Canadian Non Residency

This List must be considered incomplete and should not be relied upon for tax purposes. It is a General Guide of a practical nature. CRA may still consider you a resident if you have ties to Canada.
CAUTION: This review does not cover everything that may apply to any one individual. Everyone has a different situation. Also, many of the forms and steps outlined here must be done in a certain sequence. Failure to do so may result in unnecessary taxation, inadvertent tax evasion on your part, or denied non-residency. It happens.
The following information is not intended to cover all the things you need to know; it is intended to introduce some of the practical aspects of establishing Canadian Non-Residency. The list has been compiled by a Certified Financial Planner (CFP) who assists Canadians who are considering Mexico for a permanent home or as a snowbird destination. His extensive experience has helped 100's of Canadians move to Mexico since 1999. If you need advice or have questions, please contact our office for a no-cost consultation.

Things To Do When Leaving Canada

Last Revised: January 30, 2016

Establishing Canadian Non-Residency requires that you sever your residential ties with Canada and establish residential ties with your new country of residence. The residential ties with Canada can be broken into categories... Significant, Secondary and Other. It should be apparent that you will need to severe all Significant ties such as your home, for example. However, even the home, may be retained under certain circumstances. Conversely, maintaining even insignificant ties such as a safety deposit box may result in denial of non-residency status. Such seemingly insignificant ties are evaluated in view of all other ties that you may have and could become a problem. The best advice is to be careful and get sound advice.

For a description of Residential Ties and how they are rated by CRA, go to the Residential Ties With Canada page.

Date of Departure - Documentation

You must gather and retain proof of the date you left Canada. You may require this should your non-residency ever be challenged by CRA. 

CAUTION: Failure to have proper departure documentation can result in denial of OAS for Canadians who leave Canada prior to age 65 (or your Age of OAS Eligibility for those born after 1957). It happens.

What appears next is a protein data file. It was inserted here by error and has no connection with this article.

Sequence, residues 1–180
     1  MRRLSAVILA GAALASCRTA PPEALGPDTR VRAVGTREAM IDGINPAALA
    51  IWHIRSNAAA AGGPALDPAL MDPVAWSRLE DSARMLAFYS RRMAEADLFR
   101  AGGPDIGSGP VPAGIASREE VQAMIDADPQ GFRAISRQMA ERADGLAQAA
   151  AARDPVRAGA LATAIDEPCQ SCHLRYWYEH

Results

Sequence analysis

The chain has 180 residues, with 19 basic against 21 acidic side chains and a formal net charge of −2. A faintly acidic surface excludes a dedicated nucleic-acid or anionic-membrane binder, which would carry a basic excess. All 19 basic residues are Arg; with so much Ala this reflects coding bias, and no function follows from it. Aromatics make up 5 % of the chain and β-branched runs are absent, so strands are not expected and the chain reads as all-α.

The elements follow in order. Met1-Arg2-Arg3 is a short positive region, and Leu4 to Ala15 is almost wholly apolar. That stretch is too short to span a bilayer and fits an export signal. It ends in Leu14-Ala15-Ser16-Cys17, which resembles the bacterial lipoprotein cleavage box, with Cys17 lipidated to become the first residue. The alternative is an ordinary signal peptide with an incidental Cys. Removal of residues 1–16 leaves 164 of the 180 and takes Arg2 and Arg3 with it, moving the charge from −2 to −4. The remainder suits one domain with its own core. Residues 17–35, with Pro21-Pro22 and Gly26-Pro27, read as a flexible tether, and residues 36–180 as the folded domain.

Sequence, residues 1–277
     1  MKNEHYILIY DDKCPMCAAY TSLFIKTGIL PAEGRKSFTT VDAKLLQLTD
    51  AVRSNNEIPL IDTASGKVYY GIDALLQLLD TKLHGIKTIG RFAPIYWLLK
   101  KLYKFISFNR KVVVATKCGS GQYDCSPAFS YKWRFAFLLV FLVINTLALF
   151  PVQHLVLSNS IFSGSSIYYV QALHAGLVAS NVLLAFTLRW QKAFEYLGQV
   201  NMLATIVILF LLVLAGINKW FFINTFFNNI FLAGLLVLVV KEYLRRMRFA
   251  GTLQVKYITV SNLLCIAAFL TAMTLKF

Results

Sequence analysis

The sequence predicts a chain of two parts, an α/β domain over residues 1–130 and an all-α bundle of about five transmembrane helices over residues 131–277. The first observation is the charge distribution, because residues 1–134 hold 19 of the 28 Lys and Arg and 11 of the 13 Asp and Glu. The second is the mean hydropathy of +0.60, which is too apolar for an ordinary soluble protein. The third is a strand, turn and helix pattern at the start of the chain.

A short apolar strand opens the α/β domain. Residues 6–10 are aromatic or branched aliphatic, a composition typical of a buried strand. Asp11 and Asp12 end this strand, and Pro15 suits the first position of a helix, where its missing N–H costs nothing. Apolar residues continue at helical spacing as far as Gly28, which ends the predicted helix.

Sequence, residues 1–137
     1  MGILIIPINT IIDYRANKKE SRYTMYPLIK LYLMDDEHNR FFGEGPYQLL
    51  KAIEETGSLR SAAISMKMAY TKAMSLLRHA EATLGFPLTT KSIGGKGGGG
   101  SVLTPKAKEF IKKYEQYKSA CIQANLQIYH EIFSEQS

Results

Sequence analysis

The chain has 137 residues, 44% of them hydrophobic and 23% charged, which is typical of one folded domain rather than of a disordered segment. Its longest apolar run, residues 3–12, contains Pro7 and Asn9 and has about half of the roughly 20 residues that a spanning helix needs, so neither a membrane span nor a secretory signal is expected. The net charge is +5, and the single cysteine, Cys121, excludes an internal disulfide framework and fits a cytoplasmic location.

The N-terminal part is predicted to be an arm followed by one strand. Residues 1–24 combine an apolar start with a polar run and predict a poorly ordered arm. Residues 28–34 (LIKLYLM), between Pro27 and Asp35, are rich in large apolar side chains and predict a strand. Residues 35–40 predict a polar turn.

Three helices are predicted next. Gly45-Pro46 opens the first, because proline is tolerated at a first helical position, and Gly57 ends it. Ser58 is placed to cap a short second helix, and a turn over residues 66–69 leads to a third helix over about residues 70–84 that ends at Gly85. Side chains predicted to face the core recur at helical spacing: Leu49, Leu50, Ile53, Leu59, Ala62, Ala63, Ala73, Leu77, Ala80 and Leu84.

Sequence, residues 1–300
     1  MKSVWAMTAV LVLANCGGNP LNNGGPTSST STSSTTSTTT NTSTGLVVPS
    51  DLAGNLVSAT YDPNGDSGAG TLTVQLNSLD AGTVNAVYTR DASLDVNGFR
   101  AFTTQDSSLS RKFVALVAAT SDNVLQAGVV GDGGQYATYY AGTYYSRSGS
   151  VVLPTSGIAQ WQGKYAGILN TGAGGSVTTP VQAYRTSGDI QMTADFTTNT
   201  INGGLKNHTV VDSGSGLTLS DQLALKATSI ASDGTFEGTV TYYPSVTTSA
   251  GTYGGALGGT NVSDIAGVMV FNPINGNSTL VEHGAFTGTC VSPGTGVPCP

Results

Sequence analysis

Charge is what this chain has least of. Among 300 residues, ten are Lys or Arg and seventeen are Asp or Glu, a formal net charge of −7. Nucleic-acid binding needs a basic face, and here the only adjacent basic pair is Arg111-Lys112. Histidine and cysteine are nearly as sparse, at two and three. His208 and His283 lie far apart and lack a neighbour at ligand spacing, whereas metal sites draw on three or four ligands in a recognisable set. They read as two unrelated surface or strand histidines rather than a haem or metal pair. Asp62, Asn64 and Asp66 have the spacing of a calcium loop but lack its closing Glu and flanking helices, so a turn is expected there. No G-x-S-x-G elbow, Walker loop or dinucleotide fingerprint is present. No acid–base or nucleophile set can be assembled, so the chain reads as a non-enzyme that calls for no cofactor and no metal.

CAUTION: CRA has the option of requesting an audit of your departure date to confirm your eligibility for treaty tax rates. This can happen years after departure. You will be asked for proof of departure.

You will be asked to provide this documentation when you apply for OAS (Old Age Security) and/or Canada Pension Plan (CPP), if you are not already receiving it. When applying for OAS, one of the questions on the application  asks for dates when you lived outside of Canada, so you need to retain documents to prove those dates, and that includes dates when you might have lived outside of Canada even years ago (for example, if you lived and worked in the USA for a few years).

Any documentation needs to be original or certified copies of originals. Contact us if you need advice.

Non-Residency Validation – NR73

NR73 is a CRA questionnaire used to confirm or deny your non-residency status. For a copy and more information, refer to our CRA Forms page.

For a discussion of the pro's and con's of filing, go to NR73 - to File or Not File.

CAUTION: Frequently this form is improperly completed or poorly timed. Some individuals have declared non-residents prematurely resulting in significant tax consequences.

  • Submission of this questionnaire is voluntary, not a requirement for non-residency; However, CRA is increasingly challenging non-residency status of individuals.  We suggest that you complete the questionnaire but do NOT submit it without having it reviewed by someone who understands the implications of your answers. In other words, what may seem like an innocent reply to a simple question can result in CRA determining that you are in fact still a resident of Canada for tax purposes.
  • We can arrange for a review of your NR73 before it is submitted to CRA. Some of the questions are tricky and are frequently answered incorrectly resulting in denial of non-residency status.
Banking and Credit Cards

Yes, you can retain your bank accounts, but these must be registered as non-resident accounts using your Mexican address, and the NR301E filed.  You can also retain most credit cards provided the credit card company will accept you with your Mexican address.

CAUTION:  You must sign a “Telephone-FAX Agreement” with your bank before you set up the account as a non-resident account.  If you do not, your bank may refuse to wire transfer funds to Mexico or any other destination at a later date.  Some Canadian banks have refused to wire funds unless the client showed up in person at the bank. This is critical. At least one bank (CIBC) refused to allow one of our clients to sign a Telephone-FAX Agreement because the client was already a non-resident in their system. Do it before you leave.